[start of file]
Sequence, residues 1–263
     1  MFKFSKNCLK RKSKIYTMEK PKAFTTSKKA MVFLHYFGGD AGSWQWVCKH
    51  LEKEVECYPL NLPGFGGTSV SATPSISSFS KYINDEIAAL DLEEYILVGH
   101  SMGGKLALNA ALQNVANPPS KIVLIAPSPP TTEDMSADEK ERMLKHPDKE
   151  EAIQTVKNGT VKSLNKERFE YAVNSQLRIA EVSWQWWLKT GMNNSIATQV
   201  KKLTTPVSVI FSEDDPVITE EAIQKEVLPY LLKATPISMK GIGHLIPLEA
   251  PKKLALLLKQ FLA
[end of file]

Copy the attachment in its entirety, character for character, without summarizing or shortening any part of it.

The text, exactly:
Sequence, residues 1–263
     1  MFKFSKNCLK RKSKIYTMEK PKAFTTSKKA MVFLHYFGGD AGSWQWVCKH
    51  LEKEVECYPL NLPGFGGTSV SATPSISSFS KYINDEIAAL DLEEYILVGH
   101  SMGGKLALNA ALQNVANPPS KIVLIAPSPP TTEDMSADEK ERMLKHPDKE
   151  EAIQTVKNGT VKSLNKERFE YAVNSQLRIA EVSWQWWLKT GMNNSIATQV
   201  KKLTTPVSVI FSEDDPVITE EAIQKEVLPY LLKATPISMK GIGHLIPLEA
   251  PKKLALLLKQ FLA